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Whenever I needed to buy an obscure book as a student at the <?xml:namespace prefix = st1 ns = "urn:schemas-microsoft-com:office:smarttags" />Newcastle Royal Grammar School in the industrial northeast of England, I would go to a long-established bookstore called Mawson, Swan & Morgan. Outside this venerable establishment there stood incongruously several antique-looking street lamps. Eventually, my father, an electrical engineer himself, explained the anomaly to me. Joseph Swan, born in my hometown of Sunderland in 1828, had invented electric light shortly before Edison. So strong was his patent position that in 1882 the Edison and Swan United Company was formed. When General Electric was founded a decade later, they opted to use Swan's cellulose filament rather than Edison's bamboo filament. The lampposts outside that bookshop were the starting point of the great electrical revolution that has been so beneficial to our society. <?xml:namespace prefix = o ns = "urn:schemas-microsoft-com:office:office" />
As the great blackouts of last week proved, we live in an electric society. We live, for the most part, under electric light; many of us work on devices that convert electrical signals into readable text. A large number, especially in New York City, get to and from work in vehicles powered by electricity. On the hot days of summer, we rely on electrical air conditioning to make our workplaces viable. We prevent food-borne disease by refrigerating our food electrically. As New York's experience showed, without electric power we virtually cease any and all economic activity. Our wealth and our well-being depend to a large extent on our continued access to affordable and abundant energy.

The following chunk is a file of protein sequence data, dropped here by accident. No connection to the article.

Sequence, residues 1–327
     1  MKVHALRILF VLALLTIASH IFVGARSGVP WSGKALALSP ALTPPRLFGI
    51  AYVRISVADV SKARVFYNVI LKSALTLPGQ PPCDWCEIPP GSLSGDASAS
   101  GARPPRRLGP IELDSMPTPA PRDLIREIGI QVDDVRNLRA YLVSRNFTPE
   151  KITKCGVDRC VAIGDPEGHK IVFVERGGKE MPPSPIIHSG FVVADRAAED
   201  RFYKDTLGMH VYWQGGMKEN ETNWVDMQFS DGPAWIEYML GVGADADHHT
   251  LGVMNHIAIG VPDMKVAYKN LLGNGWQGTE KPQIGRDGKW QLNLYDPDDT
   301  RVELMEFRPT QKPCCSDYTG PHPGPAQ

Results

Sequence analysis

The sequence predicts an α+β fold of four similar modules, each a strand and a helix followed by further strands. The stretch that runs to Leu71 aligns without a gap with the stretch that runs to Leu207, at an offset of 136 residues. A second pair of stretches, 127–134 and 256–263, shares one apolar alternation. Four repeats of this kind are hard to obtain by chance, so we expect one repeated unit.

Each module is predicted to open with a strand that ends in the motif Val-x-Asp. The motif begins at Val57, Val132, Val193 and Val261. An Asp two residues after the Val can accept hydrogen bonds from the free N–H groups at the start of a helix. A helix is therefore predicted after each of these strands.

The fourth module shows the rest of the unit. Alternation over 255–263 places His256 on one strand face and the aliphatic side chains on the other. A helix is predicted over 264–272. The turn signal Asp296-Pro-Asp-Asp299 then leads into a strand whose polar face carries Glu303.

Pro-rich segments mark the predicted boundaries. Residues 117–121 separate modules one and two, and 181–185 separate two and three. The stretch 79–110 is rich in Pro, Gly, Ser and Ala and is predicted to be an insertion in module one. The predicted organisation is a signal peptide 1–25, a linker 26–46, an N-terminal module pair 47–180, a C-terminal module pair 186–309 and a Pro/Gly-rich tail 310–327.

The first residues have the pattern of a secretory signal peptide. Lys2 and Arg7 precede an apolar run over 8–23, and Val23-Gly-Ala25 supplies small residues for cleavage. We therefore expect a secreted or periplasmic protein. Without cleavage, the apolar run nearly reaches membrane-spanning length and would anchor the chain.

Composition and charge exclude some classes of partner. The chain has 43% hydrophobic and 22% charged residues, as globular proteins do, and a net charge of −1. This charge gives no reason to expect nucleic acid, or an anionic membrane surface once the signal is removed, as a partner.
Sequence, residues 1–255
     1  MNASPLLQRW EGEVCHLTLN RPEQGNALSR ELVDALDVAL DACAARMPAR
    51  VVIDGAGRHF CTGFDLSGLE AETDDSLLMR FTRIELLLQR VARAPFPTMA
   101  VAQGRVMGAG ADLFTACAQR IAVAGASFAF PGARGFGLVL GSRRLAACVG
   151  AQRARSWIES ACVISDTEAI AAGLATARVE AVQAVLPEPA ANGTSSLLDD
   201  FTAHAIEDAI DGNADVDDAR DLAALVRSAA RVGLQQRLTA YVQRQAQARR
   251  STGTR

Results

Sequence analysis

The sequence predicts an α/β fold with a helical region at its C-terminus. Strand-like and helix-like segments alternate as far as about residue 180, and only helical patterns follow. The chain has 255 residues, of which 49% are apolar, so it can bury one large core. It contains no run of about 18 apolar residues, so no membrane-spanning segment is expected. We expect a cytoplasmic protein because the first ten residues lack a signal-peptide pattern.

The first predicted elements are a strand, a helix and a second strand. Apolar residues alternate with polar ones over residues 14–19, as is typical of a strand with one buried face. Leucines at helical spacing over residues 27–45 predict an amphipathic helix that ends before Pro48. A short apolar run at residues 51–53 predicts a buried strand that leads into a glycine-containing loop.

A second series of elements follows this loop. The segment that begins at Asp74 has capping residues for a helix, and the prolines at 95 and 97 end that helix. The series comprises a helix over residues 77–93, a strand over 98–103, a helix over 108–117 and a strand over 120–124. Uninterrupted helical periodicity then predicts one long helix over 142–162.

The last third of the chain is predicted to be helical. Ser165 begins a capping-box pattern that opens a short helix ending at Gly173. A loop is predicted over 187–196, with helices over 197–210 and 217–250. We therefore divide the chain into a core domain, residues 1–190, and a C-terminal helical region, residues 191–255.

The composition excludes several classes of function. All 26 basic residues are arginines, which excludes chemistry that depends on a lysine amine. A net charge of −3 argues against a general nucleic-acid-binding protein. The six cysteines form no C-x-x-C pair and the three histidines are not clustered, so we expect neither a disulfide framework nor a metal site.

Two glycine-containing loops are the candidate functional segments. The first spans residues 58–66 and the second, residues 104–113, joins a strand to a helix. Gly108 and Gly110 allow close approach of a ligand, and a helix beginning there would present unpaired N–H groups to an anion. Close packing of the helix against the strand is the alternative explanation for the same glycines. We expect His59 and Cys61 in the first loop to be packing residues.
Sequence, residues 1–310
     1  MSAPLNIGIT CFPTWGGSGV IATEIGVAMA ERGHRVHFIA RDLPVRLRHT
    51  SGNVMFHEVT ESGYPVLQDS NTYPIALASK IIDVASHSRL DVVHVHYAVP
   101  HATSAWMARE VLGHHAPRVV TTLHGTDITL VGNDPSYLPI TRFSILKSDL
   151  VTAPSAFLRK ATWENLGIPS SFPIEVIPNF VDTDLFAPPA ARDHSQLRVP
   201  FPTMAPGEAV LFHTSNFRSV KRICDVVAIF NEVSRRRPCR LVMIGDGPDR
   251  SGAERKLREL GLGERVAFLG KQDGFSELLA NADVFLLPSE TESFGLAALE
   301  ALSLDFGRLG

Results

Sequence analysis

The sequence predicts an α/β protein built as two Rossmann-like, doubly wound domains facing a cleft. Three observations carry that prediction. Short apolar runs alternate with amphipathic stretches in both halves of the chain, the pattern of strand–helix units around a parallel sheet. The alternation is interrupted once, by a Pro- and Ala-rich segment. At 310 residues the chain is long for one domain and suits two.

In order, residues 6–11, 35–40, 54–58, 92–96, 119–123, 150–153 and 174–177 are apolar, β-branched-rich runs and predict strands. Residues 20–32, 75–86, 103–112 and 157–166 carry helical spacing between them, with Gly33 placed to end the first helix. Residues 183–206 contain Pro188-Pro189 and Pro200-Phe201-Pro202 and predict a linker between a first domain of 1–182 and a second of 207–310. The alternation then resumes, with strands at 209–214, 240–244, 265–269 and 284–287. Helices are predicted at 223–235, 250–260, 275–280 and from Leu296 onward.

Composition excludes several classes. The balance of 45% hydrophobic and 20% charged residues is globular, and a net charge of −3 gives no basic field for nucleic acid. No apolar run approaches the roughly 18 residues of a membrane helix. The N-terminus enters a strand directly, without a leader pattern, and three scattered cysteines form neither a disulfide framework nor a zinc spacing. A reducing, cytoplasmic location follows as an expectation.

And we have nowhere near reached America's capacity to exploit that energy, even if we are reaching the limits of the grid's capacity to deliver it. As anyone with any sense knows, wealth breeds wealth, and the better placed we are to exploit our wealth, the more we will create. This means we will require more and more energy.
That means energy from whatever source. The Pew Center on Global Climate Change recognizes this. In a recent report, U.S. Energy Scenarios for the 21st Century , they asked what would happen if the environmentalists' wildest dreams came true. In their scenario, "Technology triumphs," all their wishes for state intervention and alternative technologies come to pass. State governments set "rigorous" efficiency standards for appliances, enact caps on CO2 emissions from power plants, and introduce more renewable portfolio standards. They also subsidize fuel-cell research and effectively raise federal fuel-economy standards by requiring new cars, minivans, and light trucks to reduce emissions of CO2 per mile traveled. These actions, combined with breakthroughs in solar photovoltaic manufacturing and a shift in consumer preference from "sprawling" to compact residential development, slow the growth of vehicle miles traveled, expand markets for hybrid cars, accelerate power-sector fuel switching from coal to natural gas, and lay the building blocks of a hydrogen economy. Nevertheless, U.S. carbon emissions will rise 15 percent by 2035, 35 percent above the Kyoto treaty target, because the U.S. will be demanding 60 percent more electricity than today (in another scenario, the U.S. will be demanding twice as much electricity as today).